Yesterday AARP published the results of its caregiver survey, a study of how families and individuals cope with providing care to their elderly relatives. The survey results were astonishing: Forty percent of New Yorkers over 50 report working as an unpaid caregiver to a sick or elderly relative. Nearly 70 percent of those do it without the aid of a home nurse or care worker.
Statewide, over 4 million people are unpaid caregivers for ill, frail, or elderly relatives. The expense of that unpaid care adds up to $32 billion a year, even though the state only allocates $3 million.
AARP New York State Director Beth Finkel says that due to inadequate funding, many family caregivers endure unnecessary economic hardship from having to balance caregiving and holding down an outside job.
“We know that 15 percent [of those who identifying themselves as caregivers] have been treated unfairly in the workplace because of their caregiving responsibilities.”
Once the economic burden of caring for a loved one becomes too great, the elderly or sick relative often winds up in a medical institution, taxing the Medicaid system when smarter funding choices could keep those needing care at home with their families and communities.
“If we can keep people in place longer, it’s a great savings to the state. But more importantly, it lets people age in place and with dignity,” explains Finkel, noting that nine out of 10 Americans want to stay at home as they age.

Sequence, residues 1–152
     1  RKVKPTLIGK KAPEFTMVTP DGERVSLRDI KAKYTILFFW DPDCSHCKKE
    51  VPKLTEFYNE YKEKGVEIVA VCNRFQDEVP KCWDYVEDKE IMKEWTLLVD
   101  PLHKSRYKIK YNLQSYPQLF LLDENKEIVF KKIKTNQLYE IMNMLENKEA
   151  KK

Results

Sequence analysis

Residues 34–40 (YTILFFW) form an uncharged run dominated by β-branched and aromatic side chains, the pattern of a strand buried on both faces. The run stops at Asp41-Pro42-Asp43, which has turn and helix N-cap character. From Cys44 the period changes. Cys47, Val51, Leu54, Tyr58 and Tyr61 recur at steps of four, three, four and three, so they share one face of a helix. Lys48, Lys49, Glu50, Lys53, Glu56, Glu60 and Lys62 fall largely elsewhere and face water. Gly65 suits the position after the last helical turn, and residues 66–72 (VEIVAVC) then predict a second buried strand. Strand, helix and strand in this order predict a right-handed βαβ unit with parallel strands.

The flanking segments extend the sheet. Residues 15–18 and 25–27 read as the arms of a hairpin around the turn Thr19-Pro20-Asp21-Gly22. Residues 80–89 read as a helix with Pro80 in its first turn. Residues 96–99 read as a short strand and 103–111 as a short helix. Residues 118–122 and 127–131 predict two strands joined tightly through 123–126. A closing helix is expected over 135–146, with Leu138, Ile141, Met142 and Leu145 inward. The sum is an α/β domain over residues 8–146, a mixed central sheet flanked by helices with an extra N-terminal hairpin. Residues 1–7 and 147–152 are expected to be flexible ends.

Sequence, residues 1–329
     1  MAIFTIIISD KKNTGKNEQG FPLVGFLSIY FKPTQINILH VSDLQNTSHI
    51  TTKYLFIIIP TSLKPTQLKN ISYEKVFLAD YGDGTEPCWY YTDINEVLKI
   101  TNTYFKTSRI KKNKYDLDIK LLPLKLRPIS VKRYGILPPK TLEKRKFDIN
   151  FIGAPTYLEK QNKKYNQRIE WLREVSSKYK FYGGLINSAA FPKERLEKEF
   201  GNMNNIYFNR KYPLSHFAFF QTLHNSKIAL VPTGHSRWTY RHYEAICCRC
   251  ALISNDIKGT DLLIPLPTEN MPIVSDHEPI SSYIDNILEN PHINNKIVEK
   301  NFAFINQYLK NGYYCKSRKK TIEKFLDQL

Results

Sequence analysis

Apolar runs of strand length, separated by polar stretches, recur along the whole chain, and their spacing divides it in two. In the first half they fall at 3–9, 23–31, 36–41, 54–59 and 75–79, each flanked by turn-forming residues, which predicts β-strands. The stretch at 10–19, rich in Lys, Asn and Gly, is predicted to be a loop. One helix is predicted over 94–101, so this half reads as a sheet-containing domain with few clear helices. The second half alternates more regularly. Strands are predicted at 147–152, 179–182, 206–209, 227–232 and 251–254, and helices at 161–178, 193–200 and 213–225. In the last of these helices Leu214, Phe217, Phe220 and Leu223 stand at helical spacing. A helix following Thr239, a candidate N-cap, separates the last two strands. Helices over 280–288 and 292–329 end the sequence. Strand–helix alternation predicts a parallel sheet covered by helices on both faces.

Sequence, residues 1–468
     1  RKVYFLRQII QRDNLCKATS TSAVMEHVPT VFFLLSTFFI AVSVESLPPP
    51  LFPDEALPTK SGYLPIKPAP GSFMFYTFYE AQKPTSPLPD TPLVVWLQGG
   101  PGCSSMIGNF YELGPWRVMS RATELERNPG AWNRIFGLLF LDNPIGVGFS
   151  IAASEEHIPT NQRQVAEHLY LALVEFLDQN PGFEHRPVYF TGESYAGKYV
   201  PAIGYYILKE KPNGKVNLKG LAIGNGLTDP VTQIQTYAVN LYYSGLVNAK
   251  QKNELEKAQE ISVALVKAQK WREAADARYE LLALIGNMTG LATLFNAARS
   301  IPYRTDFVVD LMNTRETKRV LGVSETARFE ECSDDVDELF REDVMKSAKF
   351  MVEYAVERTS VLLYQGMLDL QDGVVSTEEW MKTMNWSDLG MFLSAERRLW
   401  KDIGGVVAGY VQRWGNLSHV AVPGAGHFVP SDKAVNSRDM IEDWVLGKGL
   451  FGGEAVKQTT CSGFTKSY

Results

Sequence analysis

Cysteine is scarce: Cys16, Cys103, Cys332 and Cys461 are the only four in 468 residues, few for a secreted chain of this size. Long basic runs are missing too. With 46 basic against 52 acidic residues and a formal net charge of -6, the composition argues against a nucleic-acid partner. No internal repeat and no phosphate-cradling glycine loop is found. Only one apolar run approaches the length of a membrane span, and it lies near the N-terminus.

The data paint a bleak picture for the cost of home caregiving into the future. In a separate analysis, AARP found that there were 6.6 potential caregivers (people between 45 and 65, those most likely to find themselves caring for relatives) to every one person over 80. By 2030, that number will shrink to 4.8 potential caregivers per one needing care. By 2050, the number is expected to be 3.5.
With the mayoral election rapidly approaching, the report’s release is meant to ensure that home caregiving is an agenda item for the mayoral candidates, and that it is at the forefront of the minds of those who provide home care for a relative. About 80 percent of survey respondents are looking for more robust caregiving support from the city and state.
“That’s why the push is right now,” says Finkel. “We need to know now how that mayor will addresses the issues of family caregivers.”
The AARP plans to roll out a policy blueprint for New York as a launching pad for legal reform in a state that comes in 48th place in the country for the quality and comprehensiveness of caregiver support systems. The blueprint is due out within a month.
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